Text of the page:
When looking at a house, someone is tempted to buy the best house in the neighborhood. Should you buy the most expensive house on the block? No.
Assume you fall in love with a house of work in a certain environment. It has everything you can dream of: a black bottom pool, marble, a fabulous kitchen, a topmost window, amazing brick work, and so on. The sellers clearly put a lot of time, energy, and money into the house. As such, it stands out as a pearl on the block. Why don’t you want to pick it up right away?
Before you start signing documents, look at the comparable home sales prices, “companies”, in the neighborhood. If you compare the price of a comp with your dream home, you should pay attention to the significant difference in prices. This difference must act as a metaphorical slap in the face or pour cold water on your head. The dream home no doubt sells for a price range far outside the company. The warning light must go out at this time.
You will have problems if you give in to temptation and buy the most expensive house on the block. In fact, you will have two problems.
The first problem is the appreciation of home values. Appreciation for the best home in the neighborhood will always be dragged by the surrounding structures. If you take a $ 900,000 home from a private community and put it on a $ 250,000 block of houses, the value of $ 900,000 will go down a lot because the environment won’t support it. When you finally sell, the buyer will look at the company in that neighborhood and laugh at the asking price of $ 900,000.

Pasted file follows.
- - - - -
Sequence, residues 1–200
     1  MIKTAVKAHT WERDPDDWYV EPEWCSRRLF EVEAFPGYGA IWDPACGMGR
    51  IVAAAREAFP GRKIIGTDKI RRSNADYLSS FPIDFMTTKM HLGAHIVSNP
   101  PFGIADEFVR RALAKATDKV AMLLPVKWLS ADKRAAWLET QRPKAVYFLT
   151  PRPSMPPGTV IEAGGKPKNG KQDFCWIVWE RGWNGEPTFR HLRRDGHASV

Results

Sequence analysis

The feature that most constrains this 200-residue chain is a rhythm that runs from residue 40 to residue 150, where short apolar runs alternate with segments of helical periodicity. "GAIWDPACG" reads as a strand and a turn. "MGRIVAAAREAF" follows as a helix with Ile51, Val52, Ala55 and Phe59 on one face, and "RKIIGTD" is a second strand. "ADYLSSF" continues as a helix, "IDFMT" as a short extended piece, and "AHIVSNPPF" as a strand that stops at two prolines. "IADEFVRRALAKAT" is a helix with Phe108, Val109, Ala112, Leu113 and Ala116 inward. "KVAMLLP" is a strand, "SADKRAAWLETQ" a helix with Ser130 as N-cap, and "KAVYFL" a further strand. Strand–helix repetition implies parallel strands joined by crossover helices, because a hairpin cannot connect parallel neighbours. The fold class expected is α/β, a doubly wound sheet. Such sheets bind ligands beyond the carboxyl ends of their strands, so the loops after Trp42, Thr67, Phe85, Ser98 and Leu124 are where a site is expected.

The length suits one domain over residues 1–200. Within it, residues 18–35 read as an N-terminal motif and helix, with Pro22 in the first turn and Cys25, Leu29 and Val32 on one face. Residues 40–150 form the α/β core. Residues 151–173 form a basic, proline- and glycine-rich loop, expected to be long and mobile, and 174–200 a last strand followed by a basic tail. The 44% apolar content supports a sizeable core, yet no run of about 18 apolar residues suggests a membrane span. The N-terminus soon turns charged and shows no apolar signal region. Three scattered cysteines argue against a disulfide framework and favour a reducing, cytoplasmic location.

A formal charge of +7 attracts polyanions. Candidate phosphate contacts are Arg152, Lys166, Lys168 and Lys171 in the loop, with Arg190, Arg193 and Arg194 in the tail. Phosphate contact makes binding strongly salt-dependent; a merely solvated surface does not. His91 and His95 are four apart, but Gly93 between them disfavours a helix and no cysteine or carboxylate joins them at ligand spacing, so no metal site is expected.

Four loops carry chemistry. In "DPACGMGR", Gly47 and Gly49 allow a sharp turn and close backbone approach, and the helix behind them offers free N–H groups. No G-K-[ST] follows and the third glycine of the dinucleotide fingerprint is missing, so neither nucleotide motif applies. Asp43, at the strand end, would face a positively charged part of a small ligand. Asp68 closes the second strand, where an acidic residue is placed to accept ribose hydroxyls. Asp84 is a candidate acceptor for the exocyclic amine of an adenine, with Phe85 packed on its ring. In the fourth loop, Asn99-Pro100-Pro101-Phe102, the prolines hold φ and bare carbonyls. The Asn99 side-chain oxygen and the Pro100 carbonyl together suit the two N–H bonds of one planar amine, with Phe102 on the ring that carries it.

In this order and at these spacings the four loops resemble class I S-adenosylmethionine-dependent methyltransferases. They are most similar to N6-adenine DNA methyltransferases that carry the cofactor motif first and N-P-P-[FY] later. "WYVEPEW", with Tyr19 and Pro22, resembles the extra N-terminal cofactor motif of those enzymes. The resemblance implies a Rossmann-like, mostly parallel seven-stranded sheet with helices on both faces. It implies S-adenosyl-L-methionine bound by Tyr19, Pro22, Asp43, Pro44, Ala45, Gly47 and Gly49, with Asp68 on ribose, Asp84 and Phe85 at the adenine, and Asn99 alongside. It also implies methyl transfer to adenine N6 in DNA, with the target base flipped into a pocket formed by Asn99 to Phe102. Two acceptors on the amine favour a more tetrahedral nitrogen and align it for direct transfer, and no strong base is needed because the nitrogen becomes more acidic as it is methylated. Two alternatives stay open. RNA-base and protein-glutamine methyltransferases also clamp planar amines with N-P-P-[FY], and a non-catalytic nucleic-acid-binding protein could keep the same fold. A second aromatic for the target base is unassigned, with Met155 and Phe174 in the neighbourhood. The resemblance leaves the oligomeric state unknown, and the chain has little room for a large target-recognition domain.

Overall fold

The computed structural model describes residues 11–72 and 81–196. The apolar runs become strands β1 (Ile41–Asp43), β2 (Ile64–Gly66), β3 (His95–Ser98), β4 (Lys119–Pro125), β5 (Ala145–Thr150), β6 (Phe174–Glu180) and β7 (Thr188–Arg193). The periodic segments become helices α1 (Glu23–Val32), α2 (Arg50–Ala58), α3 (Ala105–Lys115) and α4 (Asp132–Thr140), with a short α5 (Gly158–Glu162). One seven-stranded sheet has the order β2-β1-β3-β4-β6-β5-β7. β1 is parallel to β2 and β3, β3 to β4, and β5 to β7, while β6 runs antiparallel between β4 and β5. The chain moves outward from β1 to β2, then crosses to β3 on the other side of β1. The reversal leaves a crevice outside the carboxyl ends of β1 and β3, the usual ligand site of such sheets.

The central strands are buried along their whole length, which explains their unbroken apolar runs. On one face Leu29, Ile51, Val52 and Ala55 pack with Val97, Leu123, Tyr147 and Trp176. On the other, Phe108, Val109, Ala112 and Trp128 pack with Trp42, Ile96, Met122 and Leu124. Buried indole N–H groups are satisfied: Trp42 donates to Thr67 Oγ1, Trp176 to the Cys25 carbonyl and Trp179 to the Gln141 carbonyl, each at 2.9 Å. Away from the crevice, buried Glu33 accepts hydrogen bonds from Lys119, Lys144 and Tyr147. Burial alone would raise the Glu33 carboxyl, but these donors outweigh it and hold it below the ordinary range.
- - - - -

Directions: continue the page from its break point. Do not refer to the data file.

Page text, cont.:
The second problem is “hemming.” Because you have the most expensive house in the neighborhood, your potential for appreciation is limited. This is a bigger problem if you want to remodel or add a house. Taking such actions will usually add value to the home. With the most expensive home, not only will it not add value, it can also reduce your equity. Why? If you make a $ 50,000 overhaul, you might see a $ 10,000 profit for your $ 50,000 fee. You just lost $ 40,000.
Dream or Nightmare
Unless you can accurately predict improved assessments for the whole neighborhood, you don’t have to buy the most expensive house on the block. If you do, the dream home can quickly turn into a nightmare.